Bought one titanium bracelet desperate to try anything as pain killers didn’t ease the pain and I didn’t want to go on anymore medication as I’m on enough after having 2 TIAs. The results were noticeable within 24 hours. I now wear a titanium magnetic bracelet on both wrists and I am pain free and able to do all the chores I used to do before the osteoarthritis, even peeling vegetables which my husband had to do as I couldn’t hold them to the point of crying in pain. WONDERFUL.

MPS Shield Copper magnetic bangleA similar sentiment as expressed by Maggie who wrote in to say of her bracelet:

I’m positive the magnets are starting to work, my arthritis in my fingers is less painful and I’ve only been wearing it for a week. Definitely going to buy an ankle bracelet. Thoroughly recommended.

All of this helps to separate the wheat from the chaff and shows the extent to which MPS customers had a positive experience.

No wonder then a customer called William simply said:

The bracelet works for me, wrist pain has almost completely gone.

Clearly then a lot of satisfied customers.

A purchase away to keep the Golem at bay

Anti-Golem braceletThe Golem is an old Jewish legend. Literally meaning a Man of Clay, it is based on the premise that the basic model of a human being is the shell of the body without a soul until God gives the body a soul. In that sense, we are all golems. The legend then continues that it is possible to make golem and to control it in various ways or in some cases to lose control of it. In that sense, the Golem is very much a forerunner of Frankinstein’s monster. In modern Hebrew, the word “golem” is used to describe an uncultured person.

But the reason I mention all this, is that arthritis has sometimes been described as “feeling like clay” – or feeling as if one is “made of clay.” It’s a clunking description, I know. But for many people it perfectly encapsulates how they feel.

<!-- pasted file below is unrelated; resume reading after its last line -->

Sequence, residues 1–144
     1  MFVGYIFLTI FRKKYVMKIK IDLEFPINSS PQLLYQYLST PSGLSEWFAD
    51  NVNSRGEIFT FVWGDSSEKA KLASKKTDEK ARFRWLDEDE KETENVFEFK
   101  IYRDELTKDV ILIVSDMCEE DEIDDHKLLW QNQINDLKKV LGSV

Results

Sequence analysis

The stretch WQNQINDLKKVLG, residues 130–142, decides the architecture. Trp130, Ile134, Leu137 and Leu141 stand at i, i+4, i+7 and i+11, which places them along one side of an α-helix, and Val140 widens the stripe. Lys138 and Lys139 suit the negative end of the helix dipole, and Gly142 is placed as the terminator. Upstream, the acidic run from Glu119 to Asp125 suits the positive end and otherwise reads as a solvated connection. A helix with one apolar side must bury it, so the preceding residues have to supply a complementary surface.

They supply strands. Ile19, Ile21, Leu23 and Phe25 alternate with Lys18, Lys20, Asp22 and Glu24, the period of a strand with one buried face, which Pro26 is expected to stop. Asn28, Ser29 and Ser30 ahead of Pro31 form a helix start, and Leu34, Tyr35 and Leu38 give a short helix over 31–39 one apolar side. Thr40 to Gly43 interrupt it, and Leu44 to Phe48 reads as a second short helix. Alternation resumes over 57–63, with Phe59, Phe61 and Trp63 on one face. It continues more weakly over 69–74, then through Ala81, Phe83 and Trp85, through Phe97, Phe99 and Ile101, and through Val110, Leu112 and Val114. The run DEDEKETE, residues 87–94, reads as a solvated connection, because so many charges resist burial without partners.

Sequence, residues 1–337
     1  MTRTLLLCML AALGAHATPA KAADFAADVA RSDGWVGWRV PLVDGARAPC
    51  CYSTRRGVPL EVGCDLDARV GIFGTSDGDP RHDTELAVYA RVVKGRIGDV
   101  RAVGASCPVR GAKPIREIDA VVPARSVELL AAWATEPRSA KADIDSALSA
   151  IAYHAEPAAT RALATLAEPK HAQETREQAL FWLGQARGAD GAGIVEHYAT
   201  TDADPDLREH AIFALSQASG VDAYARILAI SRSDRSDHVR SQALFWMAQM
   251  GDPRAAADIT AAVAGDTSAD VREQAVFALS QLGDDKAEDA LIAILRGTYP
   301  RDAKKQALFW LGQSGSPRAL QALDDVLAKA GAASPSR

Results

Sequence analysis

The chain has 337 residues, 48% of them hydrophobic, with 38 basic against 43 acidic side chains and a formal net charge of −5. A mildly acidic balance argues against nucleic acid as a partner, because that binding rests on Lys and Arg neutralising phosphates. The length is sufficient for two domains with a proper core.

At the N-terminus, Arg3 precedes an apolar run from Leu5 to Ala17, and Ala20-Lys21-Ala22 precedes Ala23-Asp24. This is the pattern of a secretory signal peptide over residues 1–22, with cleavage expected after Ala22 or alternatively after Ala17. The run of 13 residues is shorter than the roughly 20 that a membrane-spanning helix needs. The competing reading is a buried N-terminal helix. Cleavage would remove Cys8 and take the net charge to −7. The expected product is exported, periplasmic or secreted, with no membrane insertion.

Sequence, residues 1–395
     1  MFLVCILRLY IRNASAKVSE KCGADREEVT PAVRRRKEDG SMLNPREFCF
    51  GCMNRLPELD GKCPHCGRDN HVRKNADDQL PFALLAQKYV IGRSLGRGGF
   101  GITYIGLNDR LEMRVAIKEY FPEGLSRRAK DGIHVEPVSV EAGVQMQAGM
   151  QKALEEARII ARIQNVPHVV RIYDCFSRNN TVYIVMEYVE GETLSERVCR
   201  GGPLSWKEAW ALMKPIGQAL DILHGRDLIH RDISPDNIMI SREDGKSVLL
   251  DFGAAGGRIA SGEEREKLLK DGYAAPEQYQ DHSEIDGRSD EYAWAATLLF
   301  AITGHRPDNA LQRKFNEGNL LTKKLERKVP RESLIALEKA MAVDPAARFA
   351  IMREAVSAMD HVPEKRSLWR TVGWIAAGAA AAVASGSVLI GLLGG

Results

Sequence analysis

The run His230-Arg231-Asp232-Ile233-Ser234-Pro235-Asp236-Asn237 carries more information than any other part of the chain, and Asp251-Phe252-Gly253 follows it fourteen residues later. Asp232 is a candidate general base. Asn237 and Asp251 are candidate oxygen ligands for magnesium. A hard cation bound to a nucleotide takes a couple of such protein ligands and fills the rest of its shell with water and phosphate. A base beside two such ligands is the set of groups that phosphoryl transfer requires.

So the question is are there any magnetic bracelets that can keep such feelings at bay? Indeed are there any magnetic bracelets that can keep a Golem at bay? The answer is, yes there are. Magnetic Products Store offers the ANTI-GOLEM Premium Men’s Stainless Steel Magnetic Bracelet that is guaranteed to repel Golems for 49 years (in the Jubilee year it ceases to work and you have to get a new one).

If you are worried about being a attacked by a Golem this Christmas, it is certainly a worthwhile investment.

It’s a long, long while from May till December

SPECIAL PURCHASE Copper Matt Tone Super Strength Magnetic Bangle

Arthritis is for life, not just Christmas, but when the leaves turn to flame and the weather gets colder, that’s when it really starts to bite. And that means it’s time for arthritis sufferers to gird their loins(figuratively speaking) and arm themselves with the best protection that money can buy. And by that, I mean magnetic healing bracelets and copper bracelets for arthritis.

Jamain white

But because we are coming up to Christmas, this would seem like the perfect time to buy such copper and magnetic bracelets as a present for someone else. And the fact that there are magnetic bracelets for men as well as women, means that you can buy one for your partner whatever your gender and whatever your partner’s gender.

Well so far, so good. I don’t need to persuade you that buying your partner a present is a nice thing to do, whether it Christmas, a birthday, an anniversary or just because you feel like doing something nice for someone you love. But anyone can suggest that. And it doesn’t take a rocket scientist to figure our that if your partner suffers from arthritis, then something that can alleviate their pain would be a nice gift. Ditto, for something that actually looks nice.

MPS™ EUROPE Multi Elements Gold PL Magnetic BraceletBut what about some ideas about where to buy such a present? Or maybe even a heads up on a special offer to get such presents at a good price?

The answer is that Magnetic Products Store is offering a three-for-one deal. Buy any three bracelets from their site and you get the copper magnetic bangle shown in the big picture above. If you want more details, or to visit their site, just click on the big picture at the top and you will be instantly transported there – in a new tab – faster than you can say: “beam me up Scotty!”


Female swimmer doesn’t let arthritis get the better of her

Chrissie Anderson

A recent article in the Manchester Evening News told the story of a 62-year-old woman, Chrissie Anderson, who is planning to swim the length of the English Channel – or at least the straits of Dover –  to raise £1000 for Aspire, a charity “supporting people with spinal injury.” The woman’s age would, in itself, make this a very interesting and newsworthy story. But what makes the story all the more interesting – not to mention inspiring – is the fact that the woman herself is suffering from hip and spine arthritis, a degenerative spine condition.